In the grand tradition of freebies, I agreed to volunteer for Hangzhou’s International Qipao Exhibition in exchange for a free custom-made qipao dress. I’ve done a lot of events and things for Hangzhou’s tourism bureau (some of which include: helping to choose the slogan “Living poetry,” being in a couple G20 promotional videos, and even editing the city brochure.) This time, I went in with absolutely no idea of what I was supposed to do.
I mentioned the etiquette class I took in another post (link here), remembering that we learned not only how to walk, but also the proper ways to pose. They were described as “pains.” Headache: hand on head. Toothache: hand near chin. Backache: hand on waist.
‘Ah, so we’re going to be models,’ I thought.
The day began at 6:30 am at the umbrella museum by the Grand Canal, where hordes of high-schoolers were waiting to do our hair and make-up. I asked, and it turns out that they had been studying cosmetology for the past 2 years, and so were brought in to help us get ready. I’m pleased to say that I’ve reached the level of adulthood where I can handle eyeliner, mascara, and lipstick, but was grateful to have someone do it for me nonetheless. When it came to hair however…
“Yeah, it’s naturally curly, so it might be different,” I said.
“This is NATURAL????” the high-schooler said. “Holy shit!”
I watched her freak out as her teacher came over to calmly tell her to just put it up in some way. When it was all done, she nudged me with her cell phone for a couple pictures.
But lest we forget…the qipao!
I was part of the Zhejiang University group, and we had been told that we could not choose our designs (which was fair, considering they were FREE). So we just went to the area to grab the ones with our names on it. I mean literally. My name is on the tag. I am my own brand. My qipao’s design was an artistic rendition of Hangzhou’s Baochu Pagoda (which incidentally is my favorite spot), which had been especially designed for this qipao exhibition. It was smooth. It was silk. It was as fancy as I’d hoped it would be.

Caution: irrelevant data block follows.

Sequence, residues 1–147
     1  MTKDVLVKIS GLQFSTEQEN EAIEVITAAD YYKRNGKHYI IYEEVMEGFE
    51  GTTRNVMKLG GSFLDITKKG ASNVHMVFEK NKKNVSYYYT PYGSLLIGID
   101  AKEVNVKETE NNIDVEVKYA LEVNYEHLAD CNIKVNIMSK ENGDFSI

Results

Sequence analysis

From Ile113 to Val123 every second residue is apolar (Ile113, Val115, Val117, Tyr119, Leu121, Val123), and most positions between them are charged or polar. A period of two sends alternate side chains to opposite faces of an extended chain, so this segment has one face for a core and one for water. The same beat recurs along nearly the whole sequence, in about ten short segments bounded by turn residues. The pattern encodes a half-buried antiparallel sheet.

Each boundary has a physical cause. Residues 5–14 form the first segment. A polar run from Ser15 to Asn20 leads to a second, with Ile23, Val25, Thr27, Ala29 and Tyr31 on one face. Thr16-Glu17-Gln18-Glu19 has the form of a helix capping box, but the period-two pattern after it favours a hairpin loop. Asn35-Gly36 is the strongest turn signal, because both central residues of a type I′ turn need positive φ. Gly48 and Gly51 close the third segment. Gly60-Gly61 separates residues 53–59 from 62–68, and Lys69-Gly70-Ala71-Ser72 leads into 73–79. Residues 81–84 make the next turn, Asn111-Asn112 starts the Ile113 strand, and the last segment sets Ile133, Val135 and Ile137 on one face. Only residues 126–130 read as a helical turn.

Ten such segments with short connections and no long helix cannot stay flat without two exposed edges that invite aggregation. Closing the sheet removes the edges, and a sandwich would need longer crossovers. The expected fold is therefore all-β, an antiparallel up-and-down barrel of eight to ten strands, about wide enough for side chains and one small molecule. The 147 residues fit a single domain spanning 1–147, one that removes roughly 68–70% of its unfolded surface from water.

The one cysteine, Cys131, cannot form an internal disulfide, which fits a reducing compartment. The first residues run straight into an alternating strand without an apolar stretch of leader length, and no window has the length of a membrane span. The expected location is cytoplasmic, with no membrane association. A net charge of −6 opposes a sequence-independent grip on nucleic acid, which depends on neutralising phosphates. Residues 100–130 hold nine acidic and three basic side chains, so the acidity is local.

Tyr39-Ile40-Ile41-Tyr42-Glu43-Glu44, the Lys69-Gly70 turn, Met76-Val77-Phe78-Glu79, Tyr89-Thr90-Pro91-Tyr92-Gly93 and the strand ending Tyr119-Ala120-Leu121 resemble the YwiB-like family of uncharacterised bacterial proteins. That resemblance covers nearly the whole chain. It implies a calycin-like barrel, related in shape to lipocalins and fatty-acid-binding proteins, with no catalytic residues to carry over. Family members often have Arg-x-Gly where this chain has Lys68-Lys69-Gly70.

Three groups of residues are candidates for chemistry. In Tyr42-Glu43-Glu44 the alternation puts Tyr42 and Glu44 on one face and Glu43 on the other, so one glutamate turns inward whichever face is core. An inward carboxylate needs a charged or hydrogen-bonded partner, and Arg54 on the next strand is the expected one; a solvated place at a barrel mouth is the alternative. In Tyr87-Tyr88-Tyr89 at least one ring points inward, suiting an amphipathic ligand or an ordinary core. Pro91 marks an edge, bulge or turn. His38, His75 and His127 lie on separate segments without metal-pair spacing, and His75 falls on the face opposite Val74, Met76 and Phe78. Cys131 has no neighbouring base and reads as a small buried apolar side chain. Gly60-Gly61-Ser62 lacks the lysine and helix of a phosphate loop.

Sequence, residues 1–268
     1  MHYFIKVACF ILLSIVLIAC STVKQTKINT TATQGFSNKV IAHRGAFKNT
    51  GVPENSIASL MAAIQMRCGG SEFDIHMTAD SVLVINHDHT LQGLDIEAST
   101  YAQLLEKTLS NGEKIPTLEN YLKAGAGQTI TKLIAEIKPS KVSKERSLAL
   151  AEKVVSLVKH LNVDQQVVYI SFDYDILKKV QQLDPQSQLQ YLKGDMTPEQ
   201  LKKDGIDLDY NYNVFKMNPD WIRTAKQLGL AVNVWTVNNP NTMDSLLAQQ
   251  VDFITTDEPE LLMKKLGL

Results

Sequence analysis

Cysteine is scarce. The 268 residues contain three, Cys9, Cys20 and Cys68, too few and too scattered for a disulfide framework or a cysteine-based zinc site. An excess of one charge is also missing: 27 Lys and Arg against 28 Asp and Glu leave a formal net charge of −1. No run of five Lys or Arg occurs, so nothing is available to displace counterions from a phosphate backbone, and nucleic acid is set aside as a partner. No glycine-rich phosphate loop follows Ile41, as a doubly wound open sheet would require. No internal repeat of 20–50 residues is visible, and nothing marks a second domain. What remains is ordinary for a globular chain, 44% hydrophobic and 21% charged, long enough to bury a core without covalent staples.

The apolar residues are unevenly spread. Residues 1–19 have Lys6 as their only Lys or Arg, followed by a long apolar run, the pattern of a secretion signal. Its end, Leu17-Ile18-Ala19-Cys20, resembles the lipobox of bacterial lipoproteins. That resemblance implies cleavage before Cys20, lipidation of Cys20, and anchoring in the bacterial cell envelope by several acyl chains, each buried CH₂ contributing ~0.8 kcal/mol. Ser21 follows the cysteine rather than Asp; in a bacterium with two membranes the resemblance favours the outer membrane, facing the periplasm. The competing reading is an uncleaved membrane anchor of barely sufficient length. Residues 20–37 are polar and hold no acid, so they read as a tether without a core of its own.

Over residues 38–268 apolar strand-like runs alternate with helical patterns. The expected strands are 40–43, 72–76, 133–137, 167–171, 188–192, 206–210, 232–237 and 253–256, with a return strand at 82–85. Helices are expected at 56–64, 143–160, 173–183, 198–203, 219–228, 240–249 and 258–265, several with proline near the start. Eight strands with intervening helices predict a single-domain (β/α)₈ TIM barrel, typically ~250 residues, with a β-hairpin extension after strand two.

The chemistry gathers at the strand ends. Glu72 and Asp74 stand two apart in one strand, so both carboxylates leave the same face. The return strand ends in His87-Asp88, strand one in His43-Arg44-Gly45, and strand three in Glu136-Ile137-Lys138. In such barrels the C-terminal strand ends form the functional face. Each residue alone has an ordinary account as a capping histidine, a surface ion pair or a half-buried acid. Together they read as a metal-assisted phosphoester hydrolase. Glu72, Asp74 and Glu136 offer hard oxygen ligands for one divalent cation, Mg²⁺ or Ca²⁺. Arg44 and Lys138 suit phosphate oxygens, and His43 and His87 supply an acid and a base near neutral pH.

But what, pray tell, was I supposed to DO in it?
As it turned out, just be in group shots, do interviews with TV stations, and generally be a pretty extra in a film advertising the qipao exhibition. The director apparently wanted 1,000 foreign women to sign up so he could get a shot of qipao-laden crowds. We didn’t quite have 1,000, but we did get enough to fill both sides of the bridge for a shot welcoming others to the Grand Canal.
I was approached by a reporter near the beginning, and I’ll admit that I was a little dazzled by all of the qipao. She asked me how qipao reflected the cultural landscape of Hangzhou, and I just dumbly pointed to my own qipao and said, “Look! It’s Hangzhou. It’s literally on my dress. My qipao literally IS the landscape of Hangzhou!” I do kind of hope she uses that in her report.
We posed on the bridge, and then went to West Lake for more video shots. By this point, many of the other girls were eying my low-heeled sensible shoes with envy. We had to walk along a crooked bridge (which apparently were made crooked in ancient times to slow down ghosts, since ghosts can’t make sharp turns. The more you know!) I was part of the group that held up the sign, which was all well and fine until we had to walk along the bridge. We fumbled over the inclines, slowed down the line, and were generally cussing along in a very unladylike way.
Film it again? Naw.
In terms of duties, that was about it. We had to pose for group shots for a video I hope I can see at some point. The other girls crowded around me to ask what happened next, assuming that since I was the translator from the lesson, I knew what was going on. (Also, years of being a teacher have taught me how to say absolutely nothing with absolute authority.) In the end, we just took a bunch of pictures by the lake.
And, of course, we remembered to pose with the “pains.”
True, there’s no such thing as a free lunch, and freebies usually come with strings attached, but this time, I got a fancy dress out of it. Freebies have never done me wrong! (knock on wood…)